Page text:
Sexuality and sexual expression are large components of our humanness, and to ignore all sexual tendencies and urges in order to remain asexual in thought and practice, is to discard a large portion of what makes us full-functioning humans. To force oneself into asexuality seems like no life at all. If the heterosexual crowd were to ask itself what life would be like without their boyfriends, girlfriends, fiancés, or spouses the answer would be something along the lines of “less than spectacular.” The idea of encouraging gay students at SNU to live without those relational intimacies makes me very sad. When I imagine a life in which I would have to deny, hide, or feel ashamed about the loving relationship I share with my fiancé, I can’t help but feel dis mal, to say the least. Needless to say, forcing homosexual students to abstain from intimate relationships not only seems unnatural, but also cruel and morbid.
But this leaves Christians and SNU in a tight spot, if they are to continually hold that homosexual behavior is sin against God. However, many Christians are beginning to change their beliefs that homosexuality is indeed a sin. I’ve talked to a variety of professors and students on this campus who have a wide range of opinions when it comes to whether or not homosexuality is actually a sin or not. One professor has told me that she has no problem with homosexual relationships, so long as they abide by the same commitments to marriage, monogamy, and respect as other Christian relationships do. Another student has told me that he personally thinks homosexuality is a sin, but he firmly believes that gay couples should be afforded every right that heterosexual couples are. This student, and certainly many SNU students, is able to separate his personal convictions concerning homosexuality, and every person’s prerogative to civil and political rights, regardless of sexual orientation.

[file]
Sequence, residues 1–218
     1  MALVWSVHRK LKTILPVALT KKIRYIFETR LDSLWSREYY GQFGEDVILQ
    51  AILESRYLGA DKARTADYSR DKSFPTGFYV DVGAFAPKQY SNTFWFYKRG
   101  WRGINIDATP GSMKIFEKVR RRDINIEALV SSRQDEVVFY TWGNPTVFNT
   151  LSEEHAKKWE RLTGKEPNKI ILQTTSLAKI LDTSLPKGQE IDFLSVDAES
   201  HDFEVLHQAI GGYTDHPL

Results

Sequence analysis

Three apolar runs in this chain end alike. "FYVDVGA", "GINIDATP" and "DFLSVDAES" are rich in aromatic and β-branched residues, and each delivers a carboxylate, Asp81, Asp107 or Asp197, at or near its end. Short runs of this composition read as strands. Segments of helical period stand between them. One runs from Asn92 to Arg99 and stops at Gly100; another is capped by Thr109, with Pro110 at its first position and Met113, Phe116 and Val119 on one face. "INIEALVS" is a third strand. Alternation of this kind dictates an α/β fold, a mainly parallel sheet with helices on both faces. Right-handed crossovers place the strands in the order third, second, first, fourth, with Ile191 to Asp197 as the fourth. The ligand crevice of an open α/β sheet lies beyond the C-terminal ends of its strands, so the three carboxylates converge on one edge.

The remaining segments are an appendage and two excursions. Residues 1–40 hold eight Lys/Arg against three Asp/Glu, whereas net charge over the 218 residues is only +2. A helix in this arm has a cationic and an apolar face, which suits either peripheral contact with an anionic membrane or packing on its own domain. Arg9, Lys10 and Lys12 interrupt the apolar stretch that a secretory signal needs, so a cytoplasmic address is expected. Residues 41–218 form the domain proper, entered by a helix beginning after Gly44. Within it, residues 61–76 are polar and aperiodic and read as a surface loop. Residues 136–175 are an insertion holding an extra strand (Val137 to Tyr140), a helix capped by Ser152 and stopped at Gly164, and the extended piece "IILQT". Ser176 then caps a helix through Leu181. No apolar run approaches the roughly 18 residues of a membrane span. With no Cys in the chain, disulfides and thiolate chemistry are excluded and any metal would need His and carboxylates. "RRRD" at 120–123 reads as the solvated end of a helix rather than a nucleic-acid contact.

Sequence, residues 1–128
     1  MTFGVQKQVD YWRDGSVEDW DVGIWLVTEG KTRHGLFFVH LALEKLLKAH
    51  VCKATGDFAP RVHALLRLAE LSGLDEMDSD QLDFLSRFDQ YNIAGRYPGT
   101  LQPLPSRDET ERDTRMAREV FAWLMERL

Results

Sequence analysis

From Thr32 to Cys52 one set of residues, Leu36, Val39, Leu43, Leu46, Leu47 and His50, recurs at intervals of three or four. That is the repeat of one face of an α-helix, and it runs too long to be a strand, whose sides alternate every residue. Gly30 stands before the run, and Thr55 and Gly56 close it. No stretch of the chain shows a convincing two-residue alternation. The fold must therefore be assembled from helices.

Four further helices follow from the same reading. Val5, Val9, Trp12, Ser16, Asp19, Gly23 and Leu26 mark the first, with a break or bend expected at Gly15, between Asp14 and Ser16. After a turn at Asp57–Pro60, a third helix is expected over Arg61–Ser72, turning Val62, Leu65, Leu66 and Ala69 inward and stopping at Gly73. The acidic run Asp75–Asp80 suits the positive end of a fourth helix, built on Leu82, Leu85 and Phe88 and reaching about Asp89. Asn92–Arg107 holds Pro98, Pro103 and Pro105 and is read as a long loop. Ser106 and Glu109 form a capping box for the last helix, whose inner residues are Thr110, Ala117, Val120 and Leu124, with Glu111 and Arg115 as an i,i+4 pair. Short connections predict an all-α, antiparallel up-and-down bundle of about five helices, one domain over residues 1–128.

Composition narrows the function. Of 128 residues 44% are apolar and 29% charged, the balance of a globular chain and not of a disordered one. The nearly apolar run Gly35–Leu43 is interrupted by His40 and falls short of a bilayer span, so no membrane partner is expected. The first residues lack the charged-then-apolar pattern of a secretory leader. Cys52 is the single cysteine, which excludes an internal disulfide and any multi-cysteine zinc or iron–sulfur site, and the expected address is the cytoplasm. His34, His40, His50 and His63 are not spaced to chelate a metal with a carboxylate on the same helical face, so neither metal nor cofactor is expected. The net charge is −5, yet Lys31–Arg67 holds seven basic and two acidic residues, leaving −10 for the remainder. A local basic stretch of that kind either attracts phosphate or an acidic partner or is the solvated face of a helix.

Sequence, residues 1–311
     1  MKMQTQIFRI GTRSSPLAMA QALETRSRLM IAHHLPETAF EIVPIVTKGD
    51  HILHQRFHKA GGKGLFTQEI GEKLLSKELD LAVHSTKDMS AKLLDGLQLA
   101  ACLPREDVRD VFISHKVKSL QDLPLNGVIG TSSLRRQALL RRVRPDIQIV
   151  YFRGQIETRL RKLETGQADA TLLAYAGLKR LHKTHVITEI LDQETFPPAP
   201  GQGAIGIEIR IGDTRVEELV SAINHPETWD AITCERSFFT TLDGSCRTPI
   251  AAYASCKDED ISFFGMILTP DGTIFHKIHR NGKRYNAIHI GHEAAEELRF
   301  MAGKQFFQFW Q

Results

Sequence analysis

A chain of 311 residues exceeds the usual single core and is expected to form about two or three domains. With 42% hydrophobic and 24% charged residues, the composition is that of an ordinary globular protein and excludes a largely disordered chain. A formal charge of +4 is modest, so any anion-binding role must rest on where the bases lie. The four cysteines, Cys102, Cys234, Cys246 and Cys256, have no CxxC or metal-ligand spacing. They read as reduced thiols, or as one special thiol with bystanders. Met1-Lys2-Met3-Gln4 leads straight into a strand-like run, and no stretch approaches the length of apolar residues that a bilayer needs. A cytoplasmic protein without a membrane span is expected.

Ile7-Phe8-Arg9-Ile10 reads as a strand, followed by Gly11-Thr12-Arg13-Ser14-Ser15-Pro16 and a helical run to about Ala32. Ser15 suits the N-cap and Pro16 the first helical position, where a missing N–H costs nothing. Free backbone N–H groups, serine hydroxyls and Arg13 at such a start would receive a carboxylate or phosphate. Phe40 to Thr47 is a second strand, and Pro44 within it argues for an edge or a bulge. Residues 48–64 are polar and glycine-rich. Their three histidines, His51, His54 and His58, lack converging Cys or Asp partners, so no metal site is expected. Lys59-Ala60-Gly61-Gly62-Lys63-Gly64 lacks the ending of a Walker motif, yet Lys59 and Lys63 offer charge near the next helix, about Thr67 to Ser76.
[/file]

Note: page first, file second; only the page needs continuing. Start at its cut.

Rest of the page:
This sentiment is one I have found rarely outside of the millennial or younger X generations. It seems that as a Christian body, and as a school, we are largely unable to afford gay couples the same rights as heterosexual couples, regardless of whether or not we agree with homosexuality as a lifestyle. But isn’t that what we claim Jesus did for us? Christians believe Jesus gave them the right to a relationship with God, redemption, grace, forgiveness, and the chance to get into heaven. Jesus did this even though he probably didn’t agree with the lifestyles we were living. Should our response to gay students be the same? Should we provide them with the same rights to intimate relationships and social acceptance that heterosexual students have?
I’m not saying I hold the answer as to which direction is best for SNU and the Church, but I think the only sustainable way to proceed is with tolerance. If Christians and SNU students, faculty, and administration make an effort to talk to gay students about their experiences, feelings, and lifestyle, tolerance and understanding are almost inevitably going to be the outcome. Christian circles are too quick to call homosexuality a sin, without ever having talked to someone who identifies as gay. Whatever direction SNU and the Church choose to pursue, I deeply hope the attitude of intolerance and hate will quickly become unacceptable and insupportable. Until those goals can be achieved, I encourage all gay students to know that there are those at SNU who love and accept you. I also encourage students, faculty, and administration to actively educate themselves further on homosexuality, and to begin to ask fundamental questions concerning acceptance, tolerance, grace, and understanding.
It has come to my attention at the administration at SNU will no longer let the ECHO report on lesbian, gay, bisexual or transgender issues.